Downsizing Citizens, NAIC & NCOIL updates
Citizens Property Insurance Corporation is looking for new ways to improve on its continued success in reasonably moving policies to the private market. The state-backed insurer of last resort also reports promising signs that Assignment of Benefits (AOB) reform in Florida is working, while new litigation shrinks to pre-Hurricane Irma levels. It tops this week’s Insurance Digest.
Citizens: The Citizens Board of Governors last week decided to seek an outside review of its operations, in a quest to further reduce its policy count. It currently sits at 444,000 policies (about 11% of the residential market), down from a high of 1.5 million policies in 2011 (then 23% of the market).
The idea came from a suggestion by Senator Jeff Brandes (R-Pinellas) that Citizens engage a study to determine if transitioning to becoming a reinsurance company, or service organization, of even both, could further reduce policy count and better serve existing customers.
Meanwhile, Citizens reports last spring’s legislative AOB reform seems to be working. Since the new law took effect July 1, there are fewer overall AOB claims and most filed now are compliant with the new law. Citizens’ new litigation is down 24% so far from the same period last year (now averaging 844 lawsuits per month vs. 1,114) to “pre-Irma levels”. Yet FNOL from Irma are still being made – in fraud-plagued tri-county South Florida, of course. Citizens says its Managed Repair Program is catching on nicely, too.
NCOIL: The National Council of Insurance Legislators (NCOIL) met last week to discuss the latest draft of a Private Flood Insurance Model Act. It’s designed to encourage states to adopt a simple regulatory framework, based on Florida’s successful model, to spur growth of private insurance as a much needed alternative and to complement the National Flood Insurance Program (NFIP). Only 15% of American homeowners had a flood insurance policy in 2018.
LMA has played an active role with Model Act sponsor, Florida Rep. David Santiago, to require agents play an active role in educating consumers. It’s been a contentious issue, as we’ve reported, and this meeting was no different, but this time the concern was about rates. The Act doesn’t require prior rate approval and one legislator voiced concern that it might turn out like Long-Term Care insurance, with unregulated rate growth. We argue that’s not an apt analogy – if private insurance becomes too expensive, the consumer will simply buy it from the NFIP.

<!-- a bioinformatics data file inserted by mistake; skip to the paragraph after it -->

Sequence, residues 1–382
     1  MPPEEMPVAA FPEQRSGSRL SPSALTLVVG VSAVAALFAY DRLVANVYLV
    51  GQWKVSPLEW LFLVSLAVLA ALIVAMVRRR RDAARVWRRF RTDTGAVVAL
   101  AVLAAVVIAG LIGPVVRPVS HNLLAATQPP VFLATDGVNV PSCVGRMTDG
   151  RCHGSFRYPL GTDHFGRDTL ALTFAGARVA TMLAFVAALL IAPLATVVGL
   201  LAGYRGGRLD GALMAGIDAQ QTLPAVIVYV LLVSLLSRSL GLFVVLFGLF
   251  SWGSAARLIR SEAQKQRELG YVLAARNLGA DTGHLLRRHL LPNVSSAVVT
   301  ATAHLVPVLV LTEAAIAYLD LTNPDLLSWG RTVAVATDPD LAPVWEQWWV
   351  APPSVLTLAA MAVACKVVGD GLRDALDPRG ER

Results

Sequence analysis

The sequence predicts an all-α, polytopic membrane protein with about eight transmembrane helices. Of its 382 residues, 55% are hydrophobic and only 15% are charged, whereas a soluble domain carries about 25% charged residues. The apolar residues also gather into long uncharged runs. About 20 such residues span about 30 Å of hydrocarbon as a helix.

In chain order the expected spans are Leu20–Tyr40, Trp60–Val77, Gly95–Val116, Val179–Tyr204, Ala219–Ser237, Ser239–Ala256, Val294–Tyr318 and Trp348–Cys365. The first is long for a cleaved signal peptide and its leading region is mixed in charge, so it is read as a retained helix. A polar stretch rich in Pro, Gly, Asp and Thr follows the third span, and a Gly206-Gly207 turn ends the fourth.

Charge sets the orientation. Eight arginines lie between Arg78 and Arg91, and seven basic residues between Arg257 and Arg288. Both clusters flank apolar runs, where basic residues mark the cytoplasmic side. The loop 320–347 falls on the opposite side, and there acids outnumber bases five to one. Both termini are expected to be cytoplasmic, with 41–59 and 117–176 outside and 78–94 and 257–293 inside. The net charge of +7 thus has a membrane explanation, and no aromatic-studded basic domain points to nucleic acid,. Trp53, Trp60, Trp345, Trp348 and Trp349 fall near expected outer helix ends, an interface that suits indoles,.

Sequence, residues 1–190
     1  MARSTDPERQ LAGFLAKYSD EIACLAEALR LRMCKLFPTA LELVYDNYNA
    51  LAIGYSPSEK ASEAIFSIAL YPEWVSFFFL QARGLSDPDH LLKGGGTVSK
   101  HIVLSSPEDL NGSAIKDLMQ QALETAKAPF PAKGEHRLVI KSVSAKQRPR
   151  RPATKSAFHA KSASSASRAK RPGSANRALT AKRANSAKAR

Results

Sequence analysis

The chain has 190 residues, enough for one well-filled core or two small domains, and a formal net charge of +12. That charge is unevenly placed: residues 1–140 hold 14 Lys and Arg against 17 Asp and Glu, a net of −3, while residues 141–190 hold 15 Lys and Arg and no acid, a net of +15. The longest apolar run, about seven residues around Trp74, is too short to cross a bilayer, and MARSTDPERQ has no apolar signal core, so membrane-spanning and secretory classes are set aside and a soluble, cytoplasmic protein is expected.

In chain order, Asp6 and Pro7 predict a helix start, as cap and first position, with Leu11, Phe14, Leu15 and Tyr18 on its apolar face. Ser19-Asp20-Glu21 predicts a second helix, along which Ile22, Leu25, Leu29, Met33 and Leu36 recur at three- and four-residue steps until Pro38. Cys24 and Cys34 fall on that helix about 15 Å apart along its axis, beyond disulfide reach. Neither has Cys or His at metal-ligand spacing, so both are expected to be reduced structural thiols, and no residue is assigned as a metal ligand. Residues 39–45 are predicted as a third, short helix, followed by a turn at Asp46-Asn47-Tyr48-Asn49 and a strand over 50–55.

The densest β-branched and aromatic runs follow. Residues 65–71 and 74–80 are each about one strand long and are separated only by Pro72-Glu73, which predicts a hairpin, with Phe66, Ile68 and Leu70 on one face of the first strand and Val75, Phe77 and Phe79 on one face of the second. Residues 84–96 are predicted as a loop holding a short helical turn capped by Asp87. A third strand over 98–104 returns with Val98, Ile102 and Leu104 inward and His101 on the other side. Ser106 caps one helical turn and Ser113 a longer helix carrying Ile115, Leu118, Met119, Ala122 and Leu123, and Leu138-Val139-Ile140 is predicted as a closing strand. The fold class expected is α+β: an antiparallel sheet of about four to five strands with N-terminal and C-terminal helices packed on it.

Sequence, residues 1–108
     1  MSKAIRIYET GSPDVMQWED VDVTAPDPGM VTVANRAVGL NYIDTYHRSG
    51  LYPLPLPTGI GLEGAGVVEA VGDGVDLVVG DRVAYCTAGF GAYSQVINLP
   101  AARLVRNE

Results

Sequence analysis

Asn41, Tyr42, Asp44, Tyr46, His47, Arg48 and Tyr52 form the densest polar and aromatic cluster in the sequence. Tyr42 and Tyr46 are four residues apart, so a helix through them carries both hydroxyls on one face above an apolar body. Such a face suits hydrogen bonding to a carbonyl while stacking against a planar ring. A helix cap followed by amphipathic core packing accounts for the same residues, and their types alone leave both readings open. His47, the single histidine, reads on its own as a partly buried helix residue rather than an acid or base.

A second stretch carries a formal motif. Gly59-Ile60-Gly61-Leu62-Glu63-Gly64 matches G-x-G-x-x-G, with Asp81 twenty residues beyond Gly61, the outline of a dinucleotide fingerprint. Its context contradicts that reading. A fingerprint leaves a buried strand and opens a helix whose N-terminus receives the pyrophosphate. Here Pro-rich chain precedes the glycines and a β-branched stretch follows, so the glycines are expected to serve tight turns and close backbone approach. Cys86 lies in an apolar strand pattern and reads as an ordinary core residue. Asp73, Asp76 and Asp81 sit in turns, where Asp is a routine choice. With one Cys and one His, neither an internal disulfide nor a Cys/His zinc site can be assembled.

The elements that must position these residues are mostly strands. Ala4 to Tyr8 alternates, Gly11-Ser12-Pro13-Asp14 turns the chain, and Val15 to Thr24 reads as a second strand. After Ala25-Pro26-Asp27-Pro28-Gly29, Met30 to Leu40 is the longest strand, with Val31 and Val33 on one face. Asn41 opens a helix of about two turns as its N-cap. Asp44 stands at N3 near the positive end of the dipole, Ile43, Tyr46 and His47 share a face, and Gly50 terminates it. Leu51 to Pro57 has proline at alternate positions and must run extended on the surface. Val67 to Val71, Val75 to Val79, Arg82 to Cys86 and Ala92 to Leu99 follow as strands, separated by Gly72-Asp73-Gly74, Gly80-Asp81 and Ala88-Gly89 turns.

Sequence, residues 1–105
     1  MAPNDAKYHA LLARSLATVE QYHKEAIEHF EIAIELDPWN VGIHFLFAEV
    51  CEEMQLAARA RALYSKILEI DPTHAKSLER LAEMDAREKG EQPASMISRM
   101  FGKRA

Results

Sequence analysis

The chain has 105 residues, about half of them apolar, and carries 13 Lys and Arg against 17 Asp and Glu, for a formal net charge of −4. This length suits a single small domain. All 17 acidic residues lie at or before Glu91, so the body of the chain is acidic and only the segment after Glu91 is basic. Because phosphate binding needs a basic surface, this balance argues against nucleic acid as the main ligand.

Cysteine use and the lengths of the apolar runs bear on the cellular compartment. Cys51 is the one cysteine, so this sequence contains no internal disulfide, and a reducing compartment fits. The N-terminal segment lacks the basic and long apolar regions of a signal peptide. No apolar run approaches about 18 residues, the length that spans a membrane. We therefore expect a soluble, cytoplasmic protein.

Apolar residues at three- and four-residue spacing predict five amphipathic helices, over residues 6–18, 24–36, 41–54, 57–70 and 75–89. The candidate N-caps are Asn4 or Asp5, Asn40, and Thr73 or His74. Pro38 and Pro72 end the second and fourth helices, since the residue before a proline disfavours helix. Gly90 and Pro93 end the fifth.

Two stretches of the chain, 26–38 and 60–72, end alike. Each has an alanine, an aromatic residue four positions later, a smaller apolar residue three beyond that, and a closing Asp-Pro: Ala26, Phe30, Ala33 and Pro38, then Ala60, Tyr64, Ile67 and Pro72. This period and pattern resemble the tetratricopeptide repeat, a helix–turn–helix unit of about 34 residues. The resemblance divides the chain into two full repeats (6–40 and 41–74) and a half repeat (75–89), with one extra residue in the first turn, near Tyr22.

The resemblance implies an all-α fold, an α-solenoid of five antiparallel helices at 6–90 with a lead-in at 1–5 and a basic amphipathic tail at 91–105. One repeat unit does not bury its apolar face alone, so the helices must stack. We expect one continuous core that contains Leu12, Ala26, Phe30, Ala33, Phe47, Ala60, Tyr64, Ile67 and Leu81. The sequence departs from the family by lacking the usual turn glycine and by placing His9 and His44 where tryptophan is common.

NAIC: Co-located at the NCOIL meeting, was the National Association of Insurance Commissioners (NAIC) fall meeting. It too, discussed private flood insurance, within its own draft white paper Considerations for State Insurance Regulators in Building the Private Flood Insurance Market. The draft relies heavily on, and includes Florida’s flood statute and rate and form filing process examples.
The current draft includes implementing specific continuing education requirements for producers and conducting agent and lender education. It falls short of mandating agents educate consumers, noting instead “it is critical for agents to make a special effort to educate homeowners regarding the need for flood insurance, even if a business or home is not located in a high-risk flood zone.”
The Catastrophe Insurance (C) Working Group adopted the white paper. It now goes to the full Property and Casualty Insurance (C) Committee, with ongoing feedback from stakeholders, including reinsurers.
Congratulations: LMA congratulates Florida Insurance Commissioner David Altmaier for being voted NAIC President-Elect, with South Carolina Insurance Director Ray Farmer becoming President, effective January 1. We admire Commissioner Altmaier for his calm hand and focused consumer protection platform, marks of a seasoned regulator.
LMA Newsletter of 12-16-19